Tuesday, December 4, 2012

This is a story

I will tell you now, if you don't care for stories about being a mom or think breastfeeding is weird, then you need to close your eyeballs and move along.

Nursing doesn't get more public than the doorway of a bank at the base of the Acropolis in Athens, Greece

This is a story...

If you asked me 2 years ago how long I was planning to breastfeed, I would have said, "probably not at all."

One obstetrician in my office had a very convincing argument for why I should not even attempt to nurse. You see, before I got pregnant I was on medications that are toxic to unborn children and dangerous to nursing babies. Yay drugs! We were prepared for a scenario where an early relapse after delivery would mean I needed to be back on those baby killing drugs ASAP. At 4 months pregnant, emotionally it was hard to give that possibility up, but logically it made sense.

Well, anyone who knows me is aware that the above scenario was not the case. In real life, my experience has been quite the opposite. I have been successfully, happily, and for the most part, healthily nursing Zoe for 18 months.

That's right 18 MONTHS. 

I have now gotten to the point that even nursing moms pause a while before asking, "Oh wait, how old is she?"

I have heard many people say they think a child is too old to nurse when they can ask for it. It's one of the most puzzling arguments I have ever heard and here is my reasoning.

At this age, Zoe actually asks to nurse by saying the word, "nurse."  It seems she meets the above criteria of being "too old". But, at 14 months she asked to nurse by signing "milk". At 10 months, she crawled into my lap. At 5 months, she cried. At 3 days, she rooted.

I took all of these behaviors as asking to nurse. They transitioned seamlessly into one another. Today wasn't that different from 10 days ago. 7 months ago wasn't that different from 8 months ago. The change from one day to the next is hardly noticeable, but now I have been nursing for 18 months, and we are worlds away from when she first latched at 5 minutes old.

These days, when her head is cradled in the crook of my arm, my outstretched fingers only reach the small of her back instead of her toes. She lies heavily across my lap instead of having to delicately hold her. She is simultaneously completely different and exactly the same.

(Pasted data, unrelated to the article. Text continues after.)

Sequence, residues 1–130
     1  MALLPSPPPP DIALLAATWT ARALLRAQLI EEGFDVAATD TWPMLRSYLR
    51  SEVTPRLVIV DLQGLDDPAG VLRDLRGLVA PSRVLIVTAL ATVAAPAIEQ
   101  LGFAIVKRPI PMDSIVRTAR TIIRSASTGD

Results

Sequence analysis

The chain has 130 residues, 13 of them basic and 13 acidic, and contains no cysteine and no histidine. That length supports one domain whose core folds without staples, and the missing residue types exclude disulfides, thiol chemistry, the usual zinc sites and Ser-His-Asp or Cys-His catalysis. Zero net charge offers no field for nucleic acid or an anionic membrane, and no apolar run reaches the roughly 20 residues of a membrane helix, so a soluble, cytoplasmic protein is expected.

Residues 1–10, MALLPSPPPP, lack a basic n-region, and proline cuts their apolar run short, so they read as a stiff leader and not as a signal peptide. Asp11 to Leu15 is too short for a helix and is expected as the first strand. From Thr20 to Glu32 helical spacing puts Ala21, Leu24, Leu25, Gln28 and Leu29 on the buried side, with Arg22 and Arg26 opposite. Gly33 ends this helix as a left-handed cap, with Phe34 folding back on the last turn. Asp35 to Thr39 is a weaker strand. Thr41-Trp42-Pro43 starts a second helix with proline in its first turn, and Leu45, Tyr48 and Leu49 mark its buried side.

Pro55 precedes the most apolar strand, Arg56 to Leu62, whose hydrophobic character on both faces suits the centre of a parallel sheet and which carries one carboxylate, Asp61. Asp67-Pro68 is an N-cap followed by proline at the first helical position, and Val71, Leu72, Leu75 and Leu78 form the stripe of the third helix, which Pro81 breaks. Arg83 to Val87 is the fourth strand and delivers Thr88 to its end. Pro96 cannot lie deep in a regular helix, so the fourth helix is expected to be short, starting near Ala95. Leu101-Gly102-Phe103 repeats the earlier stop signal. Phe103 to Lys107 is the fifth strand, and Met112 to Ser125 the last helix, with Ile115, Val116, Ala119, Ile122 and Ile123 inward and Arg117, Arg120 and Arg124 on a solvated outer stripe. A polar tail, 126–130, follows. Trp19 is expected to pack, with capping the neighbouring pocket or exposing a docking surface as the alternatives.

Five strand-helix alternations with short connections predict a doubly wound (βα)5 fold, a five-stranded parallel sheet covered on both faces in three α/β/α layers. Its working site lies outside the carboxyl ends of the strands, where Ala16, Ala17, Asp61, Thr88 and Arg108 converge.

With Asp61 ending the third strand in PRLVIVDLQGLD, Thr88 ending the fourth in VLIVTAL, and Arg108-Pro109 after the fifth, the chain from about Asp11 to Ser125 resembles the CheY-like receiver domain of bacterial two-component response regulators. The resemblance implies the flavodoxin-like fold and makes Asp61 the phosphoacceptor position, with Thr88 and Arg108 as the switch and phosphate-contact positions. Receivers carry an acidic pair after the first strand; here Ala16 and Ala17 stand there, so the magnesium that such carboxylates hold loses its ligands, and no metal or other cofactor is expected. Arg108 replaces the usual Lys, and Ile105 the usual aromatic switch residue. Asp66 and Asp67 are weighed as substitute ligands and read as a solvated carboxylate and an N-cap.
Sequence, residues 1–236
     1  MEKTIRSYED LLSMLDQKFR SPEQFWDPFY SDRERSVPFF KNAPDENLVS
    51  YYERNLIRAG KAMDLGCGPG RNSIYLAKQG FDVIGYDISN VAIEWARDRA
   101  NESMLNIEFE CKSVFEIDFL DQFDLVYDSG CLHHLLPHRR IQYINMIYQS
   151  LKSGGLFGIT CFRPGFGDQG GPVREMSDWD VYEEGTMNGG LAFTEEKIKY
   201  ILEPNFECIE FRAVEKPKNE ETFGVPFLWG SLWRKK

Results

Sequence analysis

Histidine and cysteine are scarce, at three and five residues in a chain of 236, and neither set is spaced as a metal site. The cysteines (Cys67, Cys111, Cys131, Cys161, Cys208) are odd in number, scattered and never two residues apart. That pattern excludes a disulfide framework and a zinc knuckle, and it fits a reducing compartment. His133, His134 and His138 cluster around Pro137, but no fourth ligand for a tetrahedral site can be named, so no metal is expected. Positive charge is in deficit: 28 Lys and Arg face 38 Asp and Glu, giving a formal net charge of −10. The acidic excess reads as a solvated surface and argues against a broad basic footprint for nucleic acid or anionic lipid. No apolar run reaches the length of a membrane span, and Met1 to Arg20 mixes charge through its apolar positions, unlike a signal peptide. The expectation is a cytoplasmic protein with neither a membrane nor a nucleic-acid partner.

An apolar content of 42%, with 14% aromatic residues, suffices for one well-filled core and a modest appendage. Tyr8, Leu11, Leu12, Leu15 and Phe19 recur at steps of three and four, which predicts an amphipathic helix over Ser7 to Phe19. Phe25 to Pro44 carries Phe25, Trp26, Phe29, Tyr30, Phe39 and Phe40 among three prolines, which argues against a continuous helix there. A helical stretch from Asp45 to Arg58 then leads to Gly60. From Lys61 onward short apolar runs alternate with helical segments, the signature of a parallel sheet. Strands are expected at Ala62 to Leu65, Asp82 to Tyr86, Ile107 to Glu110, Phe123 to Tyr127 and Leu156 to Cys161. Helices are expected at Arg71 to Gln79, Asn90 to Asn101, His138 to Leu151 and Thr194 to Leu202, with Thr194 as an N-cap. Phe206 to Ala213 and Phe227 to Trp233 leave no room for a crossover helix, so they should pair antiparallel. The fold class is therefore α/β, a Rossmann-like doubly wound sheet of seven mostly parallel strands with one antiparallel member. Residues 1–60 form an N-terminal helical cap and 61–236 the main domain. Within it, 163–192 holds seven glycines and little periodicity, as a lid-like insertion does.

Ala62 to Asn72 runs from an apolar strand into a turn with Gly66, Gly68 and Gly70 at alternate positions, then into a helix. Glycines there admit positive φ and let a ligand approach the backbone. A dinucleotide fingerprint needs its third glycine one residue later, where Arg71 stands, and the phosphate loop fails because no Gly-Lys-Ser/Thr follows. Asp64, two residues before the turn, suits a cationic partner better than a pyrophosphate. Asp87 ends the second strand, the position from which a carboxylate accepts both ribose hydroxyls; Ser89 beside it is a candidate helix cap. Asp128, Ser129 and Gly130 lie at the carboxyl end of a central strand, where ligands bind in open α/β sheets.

I honestly don't remember the early days. And by days, I mean months. It probably sounds like we never struggled. Not because that was actually the case (we had thrush for 9 weeks), but because my mind just deleted it.

I used to only have 20 minutes in between feedings.
I used to cry at night about not being able to wean her off of using a nipple shield.
I used to eat carrots and string cheese at 3am because I was starving every time I fed her.

These are vague memories, veiled by fatigue and hormones.

Now, I plan on nursing as long as the situation is a positive experience for both of us. Currently, it is a symbiotic relationship. Mutually beneficial. I truly believe it has kept my MS symptoms in check, but the research is conflicting. In 2009 research said it helped. In 2011 research said it didn't.

I've had to seriously consider weaning on two occasions.

1.) At around 9 months when she was requiring an hour of rocking/bouncing after each night time feeding and crying for 2-3 feedings per night. I could feel the energy leaking from my body. Many sleep advice books made it sound like the only way to stop the night time feedings was weaning all together. The thought of weaning her was panicking me, so I obviously needed to find a different solution.

2.) At 16 months, I had an episode of severe fatigue and my functional status really declined this September. I was considering going back on some of those medications mentioned earlier. This time, I wasn't panicked: weaning at 16 months was fine with me. I didn't love that it wasn't on her terms. But more importantly, nursing is the easiest and best tool I had to comfort, calm, and distract her. I feared taking that option away would actually be more physically demanding on me. It just seemed counterproductive.

So even though extended nursing has documented benefits. I really feel like Zoe is the one giving me the gift.


  1. Breast feeding is a very personal, intimate thing between a mother & her child. Only you & the child will know when it's time to stop. I was not able to breast feed my child and it's something I feel I missed out on... sort of a hole in my motherhood.

    1. Sherri,
      Thanks so much for commenting. I'm sorry that you didn't get to nurse the way you wanted to.

  2. sorry - I posted a comment but realized it was linked to an email account for Aura to write her Papa, hence, "your princess".

    Love your reflection of this wonderful experience you and Zoe have gotten to share. I remember when you were pregnant, saying with disappointment that you didn't think you'd be able to nurse, and every time I've seen you since I am overcome with happiness knowing you're still nursing - knowing that you and Zoe both reap the benefits of it and that you've been able to follow both her lead and your body's in knowing how long to continue. Thank you for sharing

    1. Ha! Thanks so much Summer. Before I had Zoe you were actually the only person our age I knew who had nursed for any extended amount of time. Thanks for being a good role model!

  3. I cannot stand when people say how long other people should nurse. And I love the sequence of explaining how Zoe has always asked for it! I was devastated when Campbell weened herself at 10 months and hope Steven holds on forever... seriously I will probably be the mom nursing her 3 year old. Deal with it.

    1. I hope you get to nurse Steven as long as you want! At least pregnancy is a great reason to have to wean :)